- A.N. Other and NHSA Webmaster
- History - WW2
- RAN Ships
- None noted.
- September 1998 edition of the Naval Historical Review (all rights reserved)
A little-known fact about the mighty luxury vessel the “Queen Mary” is that she was involved in an horrendous accident in WW II which claimed nearly 330 lives.
For reasons of war-time security, the facts of the tragedy were hushed until the war in Europe ended. The case took almost four years to resolve. As a luxury vessel, the 81,000 tonne Cunard Star liner had sailed on her maiden transatlantic crossing on 4th June, 1936.With the outbreak of war in 1939 she was converted into a troopship. For camouflage the “Queen Mary” was painted battleship grey for which she was nicknamed `The Grey Ghost’.
She, and her sister ship the “Queen Elizabeth”, were the world’s largest troopships. By the end of the war it is estimated the “Queen Mary” had carried more than 800,000 servicemen.
On a near perfect afternoon on 2nd October, 1942 the troopship carrying 15,000 US troops, was off the Irish coast. The vessel was setting a zigzag course to help evade U-boats and long-range German bombers. The “Queen Mary” had caught up with her 4,290 tonne escort vessel, the RN’s “Curacoa”, and was set to overtake her.
Aboard the “Curacoa”, seaman Ernest Watson, was admiring the “Queen Mary’s” majestic lines when he noticed the bow was swinging toward the cruiser. To his horror, she continued to swing and was soon on a collision course. The gap narrowed inexorably as the stunned Watson finally found his vocal chords and screamed, “She’s going to ram us.” Later Watson described how many of his mates had been so shocked they could not move.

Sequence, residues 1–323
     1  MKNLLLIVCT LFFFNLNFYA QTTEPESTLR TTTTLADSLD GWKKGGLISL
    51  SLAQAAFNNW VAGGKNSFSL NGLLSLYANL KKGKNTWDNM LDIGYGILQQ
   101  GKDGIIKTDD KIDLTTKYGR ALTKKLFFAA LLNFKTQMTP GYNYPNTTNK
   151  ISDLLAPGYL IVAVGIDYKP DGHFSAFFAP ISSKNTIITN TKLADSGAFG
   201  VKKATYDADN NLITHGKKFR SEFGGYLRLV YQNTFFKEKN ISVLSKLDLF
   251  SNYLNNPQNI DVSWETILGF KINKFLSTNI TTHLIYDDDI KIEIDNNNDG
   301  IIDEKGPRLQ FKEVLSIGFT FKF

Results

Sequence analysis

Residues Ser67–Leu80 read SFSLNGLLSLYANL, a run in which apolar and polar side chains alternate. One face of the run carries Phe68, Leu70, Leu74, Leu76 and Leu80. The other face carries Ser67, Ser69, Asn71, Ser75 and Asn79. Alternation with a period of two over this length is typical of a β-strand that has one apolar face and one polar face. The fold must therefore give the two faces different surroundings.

Within seconds, there was a screech of twisted metal followed by the hiss of steam and the screams of those injured or trapped below. The “Queen Mary”, 20 times larger than the cruiser, had been travelling at top revs giving her a speed of 28.5 knots. The impact swung the “Curacoa” broadside on and the troopship sliced through her 10 cm armour plating. It was all over in seconds, and the troopship continued on her zigzag course leaving the “Curacoa” cut in two with the ford and aft ends divided by a 100 m strip of ocean.
At the moment of impact, as the “Curacoa” reeled in the water, Watson and many other seaman on deck were thrown into the freezing water. Even as they surfaced they watched in horror as the stern quickly sank taking with it the men trapped behind the water-tight doors. The for’d section followed soon after, leaving the men in the murky water surrounded by debris, oil and drowned or mutilated bodies. It was every man for himself as survivors clung to floating wreckage. They were about 20 nautical miles off the Irish coast which, had boats or rafts been launched, would have meant they were within easy reach of safety.
The survivors believed the “Queen Mary” would turn back to pick them up; it was with obvious despair that they watched her disappear over the horizon. To sail on was probably the toughest decision “Queen Mary’s” captain, Cyril Illingworth, ever had to make. The WW I veteran had many years of experience by the time he had risen to become Cunard White Star’s senior commander and master of the “Queen Mary”. He was obeying orders that under no circumstances was he to stop until the “Queen Mary” had safely delivered the troops to Britain. His only option had been to signal nearby British destroyers to rescue survivors.
Two reacted to his message and steamed toward the wreckage where two hours after the collision, they found many bodies of sailors who had died of hypothermia. Only the hardiest lived long enough to land in Londonderry the next day. Of the “Curacoa’s” 430 personnel only 99 seamen and two officers survived. Because of war-time security the official inquiry was delayed until the war in Europe was over. Then, in June 1945, only a few weeks after VE Day, the Admiralty Commissioners sued Cunard White Star Line claiming the “Queen Mary” had been responsible.
It appeared to be a clear-cut case. The “Curacoa’s” captain, John Boutwood, had given evidence to a RN inquiry and was acquitted without a reprimand. Later he gained the DSO and MID. Boutwood said the “Curacoa” steamed at some 3 knots slower than the larger vessel which had been in the process of overtaking at the time of the collision. He said he had been amazed when the troopship continued turning to starboard and closed the gap between the vessels. When the collision occurred he, and all others on the bridge, had clung to whatever was nearest.